Andrew Fidel Fernando, in ESPNcricinfo, 27 July 2022 where the title reads “Dhananjaya de Silva century cements Sri Lanka’s upper hand”
Sri Lanka gained a virtually unassailable position in the second Test, as Dhananjaya de Silva hit a ninth Test century, and Dimuth Karunaratne and Ramesh Mendis joined him in substantial partnerships.
But they were only able to take one Pakistan wicket before bad light set in, and 26 overs were lost to the day. Perhaps because Pakistan had chased down 342 in the first Test, Sri Lanka had waited until their lead had stretched to 507 before declaring their second innings closed. They will now be under significant pressure to claim early wickets on day five, to give themselves a chance of leveling the series.
The centrepiece of Sri Lanka’s second innings was de Silva’s 126-run stand with Karunaratne, who himself struck a half-century despite visibly struggling with a back sprain. The pair had come together with the score on 116 for 5 on the third day, and had put on 59 together by stumps.
Early on day four, they each had a little luck. De Silva had mis-hit a cut shot against Hasan Ali in the second over, and the inside edge passed perilously close to the stumps. Karunaratne then played back to Nauman Ali’s first ball of the day, and would have been lbw had the umpire given him out on the field. In the end, Pakistan reviewed, and Karunaratne was saved by an umpire’s call on line.
Eventually, though, the batters settled and the runs began to flow. De Silva used the sweep to excellent effect, once slogging Yasir Shah over midwicket for four, while Karunaratne used the reverse sweep to access empty space behind point. Largely, though, the batters preferred to use their feet to find the single options. Karunaratne brought up his half-century off the 97th ball he faced; de Silva off his 102nd, two overs later.
Karunaratne was out to an excellent reflex catch at short leg by Shafique, off Nauman’s bowling. But by that stage, the pair had delivered Sri Lanka to an incredibly strong position. De Silva went to lunch on 84, and needed only 16 balls to complete his century in the company of Ramesh, as he found square boundaries on either side of the pitch with relative ease against the spinners.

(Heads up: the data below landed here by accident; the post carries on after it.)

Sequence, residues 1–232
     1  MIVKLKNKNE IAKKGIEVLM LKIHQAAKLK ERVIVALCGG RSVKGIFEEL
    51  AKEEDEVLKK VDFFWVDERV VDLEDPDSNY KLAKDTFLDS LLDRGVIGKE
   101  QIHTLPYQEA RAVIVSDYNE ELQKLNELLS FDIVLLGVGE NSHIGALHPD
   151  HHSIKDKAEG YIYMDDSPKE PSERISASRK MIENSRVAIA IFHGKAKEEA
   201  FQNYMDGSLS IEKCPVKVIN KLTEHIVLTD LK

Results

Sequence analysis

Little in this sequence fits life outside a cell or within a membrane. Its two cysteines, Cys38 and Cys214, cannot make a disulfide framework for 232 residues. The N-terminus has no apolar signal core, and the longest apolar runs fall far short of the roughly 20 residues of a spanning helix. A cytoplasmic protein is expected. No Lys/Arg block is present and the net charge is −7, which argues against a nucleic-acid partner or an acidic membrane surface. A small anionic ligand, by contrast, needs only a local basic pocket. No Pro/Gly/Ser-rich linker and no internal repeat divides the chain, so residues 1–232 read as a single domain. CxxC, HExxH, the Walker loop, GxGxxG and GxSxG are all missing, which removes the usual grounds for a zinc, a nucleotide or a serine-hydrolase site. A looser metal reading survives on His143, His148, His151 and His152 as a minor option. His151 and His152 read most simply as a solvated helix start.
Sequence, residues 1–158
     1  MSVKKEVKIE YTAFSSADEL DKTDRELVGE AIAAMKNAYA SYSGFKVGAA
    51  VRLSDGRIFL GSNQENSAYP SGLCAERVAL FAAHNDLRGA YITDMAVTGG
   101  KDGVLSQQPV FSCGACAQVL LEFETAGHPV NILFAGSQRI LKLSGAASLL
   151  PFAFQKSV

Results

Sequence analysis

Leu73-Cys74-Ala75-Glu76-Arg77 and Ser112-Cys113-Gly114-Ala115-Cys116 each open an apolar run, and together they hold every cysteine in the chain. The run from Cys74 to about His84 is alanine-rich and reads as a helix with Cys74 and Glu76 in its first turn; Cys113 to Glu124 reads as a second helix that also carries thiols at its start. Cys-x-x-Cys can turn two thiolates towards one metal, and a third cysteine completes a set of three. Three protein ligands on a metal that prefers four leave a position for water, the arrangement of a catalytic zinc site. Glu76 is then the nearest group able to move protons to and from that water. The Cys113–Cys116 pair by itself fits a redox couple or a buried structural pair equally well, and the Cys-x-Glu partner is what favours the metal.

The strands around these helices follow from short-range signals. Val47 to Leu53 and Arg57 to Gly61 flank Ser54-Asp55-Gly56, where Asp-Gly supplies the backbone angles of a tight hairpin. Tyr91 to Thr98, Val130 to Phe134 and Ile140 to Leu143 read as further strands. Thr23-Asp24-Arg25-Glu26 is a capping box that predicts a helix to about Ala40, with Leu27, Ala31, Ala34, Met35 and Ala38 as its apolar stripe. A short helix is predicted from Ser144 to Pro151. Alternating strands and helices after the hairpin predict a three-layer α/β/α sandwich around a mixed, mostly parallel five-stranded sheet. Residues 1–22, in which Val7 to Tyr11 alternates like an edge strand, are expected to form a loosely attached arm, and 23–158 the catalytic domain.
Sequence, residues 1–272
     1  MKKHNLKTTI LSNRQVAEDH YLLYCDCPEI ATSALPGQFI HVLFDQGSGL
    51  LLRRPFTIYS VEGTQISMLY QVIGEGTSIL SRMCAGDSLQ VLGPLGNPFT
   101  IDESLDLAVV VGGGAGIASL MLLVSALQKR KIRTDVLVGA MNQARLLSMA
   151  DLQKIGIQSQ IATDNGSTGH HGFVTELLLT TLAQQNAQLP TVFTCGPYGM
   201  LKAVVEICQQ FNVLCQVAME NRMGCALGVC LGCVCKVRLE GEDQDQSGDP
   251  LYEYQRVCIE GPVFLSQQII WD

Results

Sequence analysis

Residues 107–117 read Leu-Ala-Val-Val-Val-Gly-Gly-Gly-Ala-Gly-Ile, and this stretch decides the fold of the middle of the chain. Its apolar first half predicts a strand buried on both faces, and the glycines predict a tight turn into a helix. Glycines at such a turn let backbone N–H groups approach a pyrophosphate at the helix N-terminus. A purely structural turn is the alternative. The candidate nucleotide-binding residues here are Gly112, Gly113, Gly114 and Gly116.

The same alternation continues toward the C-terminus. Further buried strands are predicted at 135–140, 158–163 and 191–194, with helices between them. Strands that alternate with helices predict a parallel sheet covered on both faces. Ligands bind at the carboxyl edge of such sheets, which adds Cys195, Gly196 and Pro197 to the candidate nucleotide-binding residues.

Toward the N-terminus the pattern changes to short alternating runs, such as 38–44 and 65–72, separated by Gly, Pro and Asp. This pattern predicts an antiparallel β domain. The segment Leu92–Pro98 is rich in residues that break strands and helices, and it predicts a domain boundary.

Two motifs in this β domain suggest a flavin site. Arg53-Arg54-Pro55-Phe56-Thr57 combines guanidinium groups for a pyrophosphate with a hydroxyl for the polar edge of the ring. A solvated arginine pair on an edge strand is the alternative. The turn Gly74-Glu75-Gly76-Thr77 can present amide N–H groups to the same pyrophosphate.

Ramesh then attacked to speed Sri Lanka towards their declaration, which only came when de Silva was run out for 109 at the non-striker’s end, roughly 40 minutes into the afternoon session. Ramesh seemed to have called his partner through for a run, but sent him back when it was clear that Yasir Shah was swooping on the ball from midwicket. Yasir’s direct hit caught de Silva metres short.
On a pitch that wasn’t taking substantial turn yet, Pakistan’s spinners were unable to put Sri Lanka under pressure consistently on day four. Seamer Naseem Shah, who had bowled an excellent spell at the start of the day, returned Pakistan’s best figures of 2 for 44 from his 12.5 overs.
Pakistan made a bright start to the fourth innings, even if both Abdullah Shafique and Imam-ul-Haq lived dangerously at times. Shafique was almost caught at short leg off the bowling of Asitha Fernando, although that delivery was deemed a no-ball in any case. Sri Lanka then raised strong lbw appeals against Imam, though none they were willing to review.
Having been burned by Shafique in the first Test, Sri Lanka were thrilled to see him make a mistake in this fourth innings. Having seen out 50 balls, he ran at Prabath Jayasuriya to try and launch him over mid-off, perhaps in an attempt to force Sri Lanka to spread the field. Having not quite got to the pitch of the ball, he mis-hit it high into the air. Dunith Wellalage sprinted back from mid-on to get underneath the high, swirling catch, much to his teammates’ delight.
Imam and Babar Azam saw Pakistan through until the light faded, frequently looking for runs, even if a Pakistan victory seems virtually impossible. By stumps Imam had moved to 46 off 80; Babar to 26 off 38.
Thuppahi's Blog · This web site presents the interventions of MICHAEL ROBERTS in the public realm with reference to Sri Lankan political affairs. It will embrace the politics of cricket as well. ROBERTS was educated at St. Aloysius College in Galle and the universities of Peradeniya and Oxford. He taught History at Peradeniya University and Anthropology at Adelaide university. He is now retired and lives in Adelaide.